commodities currencies and that will solve the problem. Now Mr. Lewis has a variant of that. He says well we won't double it but we'll just gradually move the price up a little bit each year not too much. Do it a little less than the interest that would be earned by dollar balances. Well I like his proposal better than the immediate doubling of the price of gold but frankly I'm not convinced that this is the right answer. Because I firmly believe that our long term strategy should be to go away from GO NOT BACK TO GO. We want to diminish the role of gold in international finance not enhance it. And if you keep increasing the price you want Hanson and you shatter or reduce confidence in currencies and in international reserve assets of the new kind that I have described surely what we ought to be doing is in this modern nuclear age light and age getting away from what was once
described as a barbarous relic After all it's a barbarous holdover from the Middle Ages that it was yellow metal which is inherently unproductive. People have to be employed to get out of the ground. It's just symbolic in its value. Now symbols are important I'm not in favor of abolishing gold overnight. People are used to it. But let us not go out of our way to win handsome status. Let us think of ways of supplementing it through more rational devices. National currencies and international unit created as a deliberate act of statesman in response to social and economic me because the gold production is the best based on purely geological fortuitous factors which have no relation to the world economies need. But if finance ministers can meet and agree over five years what the world economy needs in the way of reserves that is a more rational approach than anything that increases the price of gold it seems to be Texas backward into the dark ages and not forward into this new way of a rational planned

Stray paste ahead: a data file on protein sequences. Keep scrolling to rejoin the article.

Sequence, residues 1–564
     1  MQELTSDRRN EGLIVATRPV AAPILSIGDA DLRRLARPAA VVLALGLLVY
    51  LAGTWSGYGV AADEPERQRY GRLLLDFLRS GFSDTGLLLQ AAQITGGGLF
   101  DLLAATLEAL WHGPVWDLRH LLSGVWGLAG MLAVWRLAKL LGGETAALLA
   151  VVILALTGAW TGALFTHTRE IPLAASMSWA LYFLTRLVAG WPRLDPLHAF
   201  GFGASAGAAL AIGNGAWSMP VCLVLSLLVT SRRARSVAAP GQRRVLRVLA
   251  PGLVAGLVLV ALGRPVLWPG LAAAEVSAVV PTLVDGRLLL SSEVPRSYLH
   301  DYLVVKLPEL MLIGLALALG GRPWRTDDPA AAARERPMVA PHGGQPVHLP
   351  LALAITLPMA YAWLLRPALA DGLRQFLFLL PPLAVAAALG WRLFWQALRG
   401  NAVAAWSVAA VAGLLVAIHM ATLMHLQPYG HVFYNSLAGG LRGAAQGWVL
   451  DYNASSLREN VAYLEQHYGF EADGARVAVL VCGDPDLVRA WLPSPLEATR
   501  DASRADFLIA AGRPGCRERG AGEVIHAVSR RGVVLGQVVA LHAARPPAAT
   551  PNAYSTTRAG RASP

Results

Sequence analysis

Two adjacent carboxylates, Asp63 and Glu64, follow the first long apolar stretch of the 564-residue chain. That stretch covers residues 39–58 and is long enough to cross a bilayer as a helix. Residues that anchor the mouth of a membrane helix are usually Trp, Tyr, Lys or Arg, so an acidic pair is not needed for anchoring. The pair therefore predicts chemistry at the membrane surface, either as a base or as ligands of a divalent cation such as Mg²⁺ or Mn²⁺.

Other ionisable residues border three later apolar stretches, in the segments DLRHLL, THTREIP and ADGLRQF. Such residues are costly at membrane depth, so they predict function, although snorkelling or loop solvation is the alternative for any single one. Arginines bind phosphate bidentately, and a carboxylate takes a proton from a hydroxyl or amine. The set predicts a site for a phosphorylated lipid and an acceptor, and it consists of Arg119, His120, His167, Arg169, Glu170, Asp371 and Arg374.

creation of international liquidity. That's the way we moved in our own country when we created the Federal Reserve System. That was a step towards using a new form of finance in relation to human needs and the national economy. I would just be more concrete and say this increasing the price of gold has two other specific drawbacks. First it would very much undermine the willingness of people to hold dollars in the future even if the rate of increase was this fall as you proposed. People would then get the idea that gold was inexorably gradually surely going up in price and the dollar going down. And in that situation it would be very hard. To encourage people to go on holding dollars in increased amounts or other national currencies or indeed new reserve assets in the IMF so that would be counterproductive. You might even reduce world liquidity net because all the gold would be increasing everything
other reserve assets would not be increased. Now the second problem I'll be very frank is a more political one. The three great gold holding a gold producing countries in the world are the Soviet Union South Africa and France. Now I don't know about you but they're not my three favorite countries and they're not the three favorite countries of the American Congress and therefore any proposal which benefits them primarily and specifically benefits those foreign countries who have been the least cooperative in our dollar problem and the most uncooperative in hoarding gold I think is a bad policy and a political policy and unrealistic policy for the United States. Yes but question essentially if I understand it is in the face of our present preoccupations with the balance of payments and gold problem in our domestic social and economic problems and Vietnam is it